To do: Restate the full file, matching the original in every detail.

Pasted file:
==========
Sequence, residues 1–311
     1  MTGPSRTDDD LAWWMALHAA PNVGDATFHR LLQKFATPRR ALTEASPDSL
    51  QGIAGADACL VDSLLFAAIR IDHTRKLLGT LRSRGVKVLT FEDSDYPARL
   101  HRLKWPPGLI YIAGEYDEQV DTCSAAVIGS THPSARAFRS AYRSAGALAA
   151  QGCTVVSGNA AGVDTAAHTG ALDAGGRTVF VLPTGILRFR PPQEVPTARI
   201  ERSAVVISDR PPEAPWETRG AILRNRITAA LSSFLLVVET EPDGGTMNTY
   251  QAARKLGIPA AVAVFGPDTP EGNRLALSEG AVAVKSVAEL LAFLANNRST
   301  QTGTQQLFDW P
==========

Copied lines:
Sequence, residues 1–311
     1  MTGPSRTDDD LAWWMALHAA PNVGDATFHR LLQKFATPRR ALTEASPDSL
    51  QGIAGADACL VDSLLFAAIR IDHTRKLLGT LRSRGVKVLT FEDSDYPARL
   101  HRLKWPPGLI YIAGEYDEQV DTCSAAVIGS THPSARAFRS AYRSAGALAA
   151  QGCTVVSGNA AGVDTAAHTG ALDAGGRTVF VLPTGILRFR PPQEVPTARI
   201  ERSAVVISDR PPEAPWETRG AILRNRITAA LSSFLLVVET EPDGGTMNTY
   251  QAARKLGIPA AVAVFGPDTP EGNRLALSEG AVAVKSVAEL LAFLANNRST
   301  QTGTQQLFDW P